Our present-day outlook generally goes no farther but, if true education is necessarily Christian education, then our vision should not be limited to covenant children. It should be enlarged to include all children. On the mission field it has long been the practice of schools to educate children of pagan families. Why should we not extend Christian education to children from non-christian American homes? They, too, are a part—and an important part—of the next generation!
The life of a twentieth century child is said to be divided three ways. Sleep, school and play absorb almost all his time. Play is commonly left to the child's choice and initiative but, since it claims so large a share of his time, it is imperative that the Christian interest himself in the child's program of recreation. Selected types of recreation should be endorsed, or actually provided if necessary. Play should be clean, wholesome and conducive to the establishing of Christian ideals and principles. Our children should be guided in their choice of playmates. Christian supervision of group play is also highly to be desired.
It is contended that provision for Christian recreation by the organized church is not in agreement with the nature and functions of the church as set forth in Scripture. The duty is rather that of Christian parents and special associations of Christian people. There is much truth in this declaration, and it should serve to spur individual Christians to unite together in Christian recreational enterprises for the benefit of the young. However, I feel that the abnormal situation of many of our churches today constitutes an emergency which may justify the church itself in instituting some sort of recreational program to meet the needs of its boys and girls and those of the community.
Christian-sponsored recreation may even serve as an evangelizing agency. As this article is being written, a Christian college is about to open a settlement house in a near-by area in the midst of a large and wicked city. It is the hope of the Christians concerned that the program, varied but with considerable emphasis upon recreation, will be the means of winning to Christ many lost souls of the next generation. Thousands of boys and girls roam our city streets today and fall easy prey to sin. If a program of recreation will help to turn any of them to the Savior, or do anything to restrain the ravages of sin, is it not our Christian duty to initiate such a program?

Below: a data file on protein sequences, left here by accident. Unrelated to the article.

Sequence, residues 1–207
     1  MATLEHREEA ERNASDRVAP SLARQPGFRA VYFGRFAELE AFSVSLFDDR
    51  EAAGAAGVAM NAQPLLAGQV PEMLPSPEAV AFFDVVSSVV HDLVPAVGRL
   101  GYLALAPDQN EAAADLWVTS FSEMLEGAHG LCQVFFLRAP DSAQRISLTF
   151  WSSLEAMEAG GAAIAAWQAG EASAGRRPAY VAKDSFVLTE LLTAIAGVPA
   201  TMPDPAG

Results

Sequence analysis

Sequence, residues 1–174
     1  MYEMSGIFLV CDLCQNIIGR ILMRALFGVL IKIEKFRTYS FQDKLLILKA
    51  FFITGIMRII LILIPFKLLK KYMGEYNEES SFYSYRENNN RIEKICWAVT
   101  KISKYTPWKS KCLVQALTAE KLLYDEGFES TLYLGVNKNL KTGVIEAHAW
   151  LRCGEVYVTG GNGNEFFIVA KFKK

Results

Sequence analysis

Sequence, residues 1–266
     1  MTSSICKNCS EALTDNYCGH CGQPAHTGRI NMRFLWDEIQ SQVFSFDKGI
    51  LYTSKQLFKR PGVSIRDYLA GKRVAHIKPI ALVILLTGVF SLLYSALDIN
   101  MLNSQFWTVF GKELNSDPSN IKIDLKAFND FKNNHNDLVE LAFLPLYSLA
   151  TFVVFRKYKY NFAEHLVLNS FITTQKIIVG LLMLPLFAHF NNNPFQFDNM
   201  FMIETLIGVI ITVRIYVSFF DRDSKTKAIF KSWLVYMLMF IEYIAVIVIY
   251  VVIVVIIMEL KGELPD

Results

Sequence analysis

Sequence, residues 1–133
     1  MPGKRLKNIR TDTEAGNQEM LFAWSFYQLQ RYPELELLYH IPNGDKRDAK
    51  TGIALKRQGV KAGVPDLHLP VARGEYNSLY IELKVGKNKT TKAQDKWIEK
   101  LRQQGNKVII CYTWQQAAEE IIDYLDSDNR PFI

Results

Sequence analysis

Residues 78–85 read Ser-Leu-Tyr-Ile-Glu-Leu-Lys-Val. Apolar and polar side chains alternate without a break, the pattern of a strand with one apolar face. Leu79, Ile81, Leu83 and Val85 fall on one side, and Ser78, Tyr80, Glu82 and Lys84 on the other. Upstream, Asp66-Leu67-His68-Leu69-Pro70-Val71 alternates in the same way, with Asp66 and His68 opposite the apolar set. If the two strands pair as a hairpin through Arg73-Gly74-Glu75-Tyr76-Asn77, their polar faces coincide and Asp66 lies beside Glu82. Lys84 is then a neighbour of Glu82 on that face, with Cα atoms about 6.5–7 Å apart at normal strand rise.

By virtue of the covenant, the child of the covenant is automatically a member of Christ's church. Not every portion of the visible church recognizes him as such, but that does not alter the fact. Christ is the Head of the church. The church does not belong to man, but to God, and if the children of believers are included in God's covenant, no man has a right to deny them membership in the church. Of course, they do not at once enjoy all the privileges of full communicant members. Of the two sacraments, they are as infants entitled to but one—baptism. Participation in the other, the Lord's Supper, is reserved for those who are able to partake intelligently, understanding what the institution signifies, for Paul declares that one coming to the table should first examine himself lest he come "not discerning the Lord’s body", and so eat and drink damnation to himself.
The Old Testament believer faithfully kept the ceremonial law and brought his child, when but eight days old, to be circumcised. In the new dispensation, the sign of the covenant is no longer circumcision, but baptism. With like faithfulness, then, the Christian should bring his child, while still a babe, that he may be baptized in token of the fact that he is included among the people of God and heir to the promises connected with special grace. Many Christians, well-meaning but misinformed, delay the baptism of their children until the age of adolescence, but to do so is to deny the child a blessing which is rightfully his.
The Christian will also take his child regularly to the house of God. From earliest years the child will learn to direct his feet habitually toward the church when the Lord's Day dawns. A young mother is said to have planted the tiny feet of her child in the soft cement of a newly-laid walk leading to the church doors so that ever afterwards the marks would be a symbol of the direction his steps should be accustomed to take. But symbols must be translated into action. The child himself needs to be taken, and that means that the parents will accompany him!
The Christian will take pains to explain to his child the nature of the church and the meaning of the various elements of worship. He will teach him the forms employed and the words and tunes of the great hymns. He will direct his child to attend unto the words of Christ's minister and the reading of the Scripture. In every way, he will endeavor to make church attendance both a meaningful and a pleasant experience for the child. He will want his child to have a great and abiding love for the sanctuary and its services.
The Christian knows that his covenant child must either come to conscious, personal faith in the Lord Jesus as his Saviour from sin or renounce the covenant and turn his back upon the household of faith. He will therefore seek with all that lies within him to ground his child in a knowledge of the gospel and to woo and win him to faith in Christ. He will diligently pray for the salvation and sanctification of the child. No stone will be left unturned which might in any way contribute to the effectual working of the Spirit in the child’s life. His highest desire is that his child may be renewed by the Holy Spirit, being washed with the washing of regeneration, and then go on in ever increasing holiness to live to the glory of the triune God. In a sense, the Christian lives in the present, but if he accepts his divinely given responsibility, he also lives to the very fullest in and through the next generation. May God grant that we may accept that responsibility and thereby enjoy our Christian heritage!